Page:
Once again, consumer goods producers outperformed their intermediate and investment goods counterparts, registering stronger rates of expansion for both output and new orders.
In October, output increased for the tenth straight month and at the quickest rate in nearly four years. In spite of this, businesses left employment unchanged, a trend that has continued for the last many months.
The amount of new work received by manufacturers grew markedly during October, with anecdotal evidence linking the latest rise to improved underlying demand. The rate of expansion was at a 22-month high.
Interestingly, although data indicated that foreign orders contributed to the upturn in total new work, the rate of growth in new business from abroad eased to a three-month low.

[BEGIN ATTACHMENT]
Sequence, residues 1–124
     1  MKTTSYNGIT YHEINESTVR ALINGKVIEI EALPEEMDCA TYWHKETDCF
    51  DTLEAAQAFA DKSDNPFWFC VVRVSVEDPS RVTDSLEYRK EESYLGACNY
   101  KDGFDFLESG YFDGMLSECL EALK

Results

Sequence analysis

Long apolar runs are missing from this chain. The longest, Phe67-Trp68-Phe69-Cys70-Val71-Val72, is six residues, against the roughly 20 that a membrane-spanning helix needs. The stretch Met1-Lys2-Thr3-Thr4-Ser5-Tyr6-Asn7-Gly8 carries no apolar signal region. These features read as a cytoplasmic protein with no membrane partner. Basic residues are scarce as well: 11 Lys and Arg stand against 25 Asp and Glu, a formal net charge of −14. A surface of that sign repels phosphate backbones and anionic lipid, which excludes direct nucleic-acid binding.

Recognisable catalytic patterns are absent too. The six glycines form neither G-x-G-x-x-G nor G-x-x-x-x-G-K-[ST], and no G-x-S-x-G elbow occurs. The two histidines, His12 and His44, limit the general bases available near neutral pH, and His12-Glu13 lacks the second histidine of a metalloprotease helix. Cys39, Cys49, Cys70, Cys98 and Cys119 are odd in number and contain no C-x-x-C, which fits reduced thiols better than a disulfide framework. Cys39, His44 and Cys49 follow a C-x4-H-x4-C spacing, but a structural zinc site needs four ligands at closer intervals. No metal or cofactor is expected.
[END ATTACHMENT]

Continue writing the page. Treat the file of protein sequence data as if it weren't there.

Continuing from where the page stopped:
Outstanding business also rose again during the latest survey period. The overall rate of accumulation was solid and the quickest in almost three years, with survey members reporting capacity pressures of finished goods decreased again.
Amid reports of orders being fulfilled directly from stocks, holdings of finished goods decreased again. That said, the rate of inventory depletion was modest and little-changed since September.
The average price of inputs rose markedly during October, with the rate of inflation quickening to the fastest since August 2014. Survey participants reported higher prices across a wide range of goods, but particularly highlighted steel, plastic and petrol.
Firms passed on to clients part of these higher cost burdens by raising their prices charged. The rate of output price inflation was the fastest in six months, but modest in the context of historical data.
Companies also attempted to offset the effects of marked input cost inflation by purchasing and storing a greater level of pre-production items.
Buying levels grew at the strongest rate in 14 months, while stock levels increased at the fastest pace since July 2015.